In a time of social and political radicalization, Eric Hoffer remained a free and independent thinker and identified the threat that Marxism posed for citizens. He reflects on human nature, individuality, and the responsibility and duty of thoughtful and informed citizens to upkeep open, democratic societies.

Eric Hoffer

The American philosopher, Eric Hoffer (1902-1983), is a rare thinker. He is a philosopher in the classical sense of the word. Hoffer asks concrete and pressing questions that seek life-affirming answers. Rhetoric, radical skepticism, and intellectual game-playing, Hoffer asserts, defeat the point of philosophical reflection. Philosophical reflection is a vital activity that props man up to truth, regardless of where this may deliver us, for truth cannot be corralled.

There is much of the stoic in Hoffer. His books embody that indispensable quality that informs the thought of all great thinkers: intuition and perspicuity about the essences that inform human reality. In the absence of these staple qualities, philosophical reflection falls prey to stale, uninspired positivism. Positivism has infected all aspects of human life in postmodernism and reduced man to his bodily, mundane function in the world.

Ironically, because he lived late into the twentieth century, a time that saw an explosion of professional possibilities for the chattering class, Hoffer found himself in the difficult position of remaining a solitary thinker. Philosophical reflection in the second half of the twentieth century no longer demanded that reason make sense of man in the cosmos. This was an unprecedented move on the part of affected, academic intellectuals. This lamentable cultural situation made Hoffer’s moral, heuristic teaching a thing of the past. By the 1970s, Hoffer was definitely not “cool.”

As a philosopher, not merely a writer, Hoffer is supremely original. Consider that Hoffer’s major themes have to do with the nature of autonomous, self-ruling individuals and how these persons exist as a cosmic being. However, the influence that Marxism began to exert over Western man post-WWII, especially as dictated by the proponents of the Frankfurt School beginning in the 1960s, bolstered the rule of centralized government and the state, and attacked man’s capacity for self-rule.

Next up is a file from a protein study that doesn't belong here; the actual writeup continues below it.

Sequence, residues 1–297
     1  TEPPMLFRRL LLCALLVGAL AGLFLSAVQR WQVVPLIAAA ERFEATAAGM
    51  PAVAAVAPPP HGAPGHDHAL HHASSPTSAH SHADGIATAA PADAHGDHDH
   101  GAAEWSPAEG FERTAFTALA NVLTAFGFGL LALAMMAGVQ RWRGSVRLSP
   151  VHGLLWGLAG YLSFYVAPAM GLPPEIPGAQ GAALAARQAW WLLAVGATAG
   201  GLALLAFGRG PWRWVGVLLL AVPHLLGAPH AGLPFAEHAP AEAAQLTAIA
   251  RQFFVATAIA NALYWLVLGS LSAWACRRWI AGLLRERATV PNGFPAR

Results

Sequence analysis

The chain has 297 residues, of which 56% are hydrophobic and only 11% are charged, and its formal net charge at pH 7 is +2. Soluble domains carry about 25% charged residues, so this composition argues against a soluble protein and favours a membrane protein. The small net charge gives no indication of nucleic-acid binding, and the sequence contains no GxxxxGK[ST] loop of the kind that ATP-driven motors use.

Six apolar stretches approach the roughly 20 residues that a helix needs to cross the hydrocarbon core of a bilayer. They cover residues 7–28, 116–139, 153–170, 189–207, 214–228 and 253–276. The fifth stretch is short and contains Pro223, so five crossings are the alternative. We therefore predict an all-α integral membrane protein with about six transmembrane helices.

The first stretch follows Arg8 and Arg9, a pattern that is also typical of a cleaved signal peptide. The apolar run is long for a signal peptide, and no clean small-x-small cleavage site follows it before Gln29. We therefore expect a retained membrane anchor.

The Marxist Frankfurt School elevated intellectuals to the role of burgeoning government bureaucrats. The role of intellectuals in Western civilization, the members of the Frankfurt School proposed, should be at the forefront of life in Western societies. This, they demanded, ought to be the case regardless of their lack of creative output or talent.

What mattered most to intellectuals of the Frankfurt School was the re-organization of the Christian West into communist societies. However, before full-blown communism could become a reality in Western nations, an elaborate mechanism of brainwashing and corruption of culture needed to be put in place.

The long march to communism, the Frankfurt School proposed, needed to concentrate on the destruction of Western culture, family structure and values, commerce, the free market, and people’s reliance on free will. Given the assault on culture, reason, and common sense employed by the Frankfurt School and its many variegated forms of Marxism, how can individuals pretend to autonomy and self-rule in an era of “all is political”?